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‘Dirty Dancing’ remake can’t hold a candle to the original
Friday, 02 June 2017 11:02
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The small-screen remake of the 1987 sleeper mega-hit movie “Dirty Dancing,” which was filmed last summer in Western North Carolina and featured extras from the area, was telecast May 24 on ABC-TV and, while it had its bright spots, generally it was a flop — and even cringe-worthy.

The original “Dirty Dancing” was fueled by its high-energy characters, most notably handsome, swivel-hipped, charismatic Patrick Swayze as dance instructor Johnny Castle and the mesmerizing, deceptively pretty and obviously smart Jennifer Grey as Baby Houseman. Also, even though Swayze and Grey were known not to get along in real life, they had — indisputably — white-hot chemistry on-screen. (Tragically, Swayze died from pancreatic cancer at age 57 in 2009.)

In contrast, the “Dirty Dancing” remake featuring a fit-looking ColtPrattes as Johnny and a chunky Abigail Breslin as Baby plods along, drearily and lifelessly, and not only is there no spark between the two leads, scenes from the previous movie that were classic, such as “The Lift” of Baby over Johnny’s head, are recreated in the remake in such a dull way as to cause one to cringe. 

Indeed, the energy level putters along throughout this debacle in low gear. Could it be the cast was just going through the motions, realizing it could not eclipse the magnificent performances by Swayze and Grey about 30 years ago? One wonders.

Despite some changes, including development of some minor characters, such as Baby’s sister Lisa (played by Sarah Hyland) and her parents (Debra Messing and Bruce Greenwood), and the inclusion of African-Americans and more graphic sex scenes than in the original, it is, by and large, just a retread of a more enjoyable film, perhaps produced in a half-hearted attempt to capitalize on the 30th anniversary of a true movie classic.

And, perhaps it should come as no surprise that the original “Dirty Dancing” had a runtime of one hour 40 minutes, while the hefty remake slightly exceeds two hours, but was shown on TV in a three-hour slot. It was obvious that the remake was shot to accommodate a maddening number of commercial breaks. Ugh!

Also bizarre in the remake was that the characters constantly were shown singing to the music, even while dancing, It seemed ridiculous.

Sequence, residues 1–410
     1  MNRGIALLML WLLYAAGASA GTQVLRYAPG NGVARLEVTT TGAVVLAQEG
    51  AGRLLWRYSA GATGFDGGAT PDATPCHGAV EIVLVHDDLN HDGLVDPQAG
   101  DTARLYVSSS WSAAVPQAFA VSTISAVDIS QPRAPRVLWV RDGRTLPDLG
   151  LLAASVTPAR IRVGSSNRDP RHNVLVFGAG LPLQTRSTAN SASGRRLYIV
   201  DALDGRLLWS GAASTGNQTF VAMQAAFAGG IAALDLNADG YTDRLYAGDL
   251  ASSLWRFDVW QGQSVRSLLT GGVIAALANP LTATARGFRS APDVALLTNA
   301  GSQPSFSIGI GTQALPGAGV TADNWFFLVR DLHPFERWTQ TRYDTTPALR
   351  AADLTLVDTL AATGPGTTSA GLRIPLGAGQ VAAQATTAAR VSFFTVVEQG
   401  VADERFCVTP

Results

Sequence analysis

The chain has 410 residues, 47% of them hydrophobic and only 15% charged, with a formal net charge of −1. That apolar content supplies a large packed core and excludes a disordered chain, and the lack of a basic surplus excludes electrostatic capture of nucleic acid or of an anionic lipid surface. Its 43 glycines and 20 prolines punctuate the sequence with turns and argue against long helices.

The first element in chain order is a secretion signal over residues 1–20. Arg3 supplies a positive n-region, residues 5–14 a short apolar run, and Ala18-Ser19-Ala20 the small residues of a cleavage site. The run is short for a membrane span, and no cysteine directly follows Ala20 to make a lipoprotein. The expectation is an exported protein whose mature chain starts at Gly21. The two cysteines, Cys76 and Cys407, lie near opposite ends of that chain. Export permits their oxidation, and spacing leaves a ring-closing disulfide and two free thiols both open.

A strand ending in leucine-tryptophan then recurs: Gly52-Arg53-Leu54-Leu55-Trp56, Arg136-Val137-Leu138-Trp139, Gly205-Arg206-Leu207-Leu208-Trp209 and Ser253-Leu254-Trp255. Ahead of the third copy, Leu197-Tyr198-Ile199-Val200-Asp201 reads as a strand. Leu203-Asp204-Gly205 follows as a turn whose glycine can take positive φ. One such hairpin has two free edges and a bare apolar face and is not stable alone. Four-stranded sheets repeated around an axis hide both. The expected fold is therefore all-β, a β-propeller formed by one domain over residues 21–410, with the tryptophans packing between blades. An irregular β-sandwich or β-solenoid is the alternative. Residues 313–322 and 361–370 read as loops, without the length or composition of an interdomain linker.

The “Dirty Dancing” remake was bloated and boring, while the original soared. Also, nobody seems to sweat in this version. And there’s hardly anything “dirty” in the film — and there’s not even much dancing.

The new version was shot a year ago, largely at Kanuga Conference Center, an Episcopal-affiliated retreat just south of Hendersonville. The KCC provided the rustic setting for the summer camp, along with the cabin scenes. A nightclub scene was shot in Saluda.Other scenes were filmed at High Hampton Inn in Cashiers and in Asheville.

The original was shot, largely, at Lake Lure in October 1987, when, reportedly, the water was so cold that the actors’ lips got so blue that close-ups were scrapped.

Ten students and staff at Pat’s School of Dance in Hendersonville were part of filming the remake. The participants included Sheraton Phillips, Dustin Phillips, Sarah DeVore, Daniel DeVore, John Daniel DeVore, Pat Shepherd, John Shepherd, April Freeman, Kaitlyn Harrington and Katelyn Ledbetter.

The original chart-topping soundtrack featured the Oscar-winning song, “(I’ve Had) The Time of My Life” by Billy Medley and Jennifer Warnes, as well as Swayzee’s “She’s Like the Wind” and Eric Carmen’s “Hungry Eyes,” while the remake’s soundtrack includes a Prattes-Sagal duet of Peggy Lee’s hit “Fever” and Bruce Greenwood, in the reprise, singing Frank Sinatra’s “They Can’t Take That Away From Me.”

In Swayze’s autobiography, “The Time of My Life,” he revealed that “the first cut of the original ‘Dirty Dancing’ was not received well and the producer commented, ‘Burn the negative and collect the insurance.’ But director Emile Ardolino’s faith in the film saved it.

“We all figured it would be a modestly successful movie, and not much more than that. My wife, Lisa, thought it was the kind of story people would be drawn to, but we had no idea what was coming, that after the movie opened we would be swallowed by a tidal wave of fame and attention,” writes Swayze.

To that end, in one of its most famous lines (and one that Swayze hated) in the original, Johnny boasts that “Nobody puts Baby in a corner,” but in the remake of “Dirty Dancing,” not only Baby — but the entire cast — is put in a corner of lifelessness from which there is no escape.



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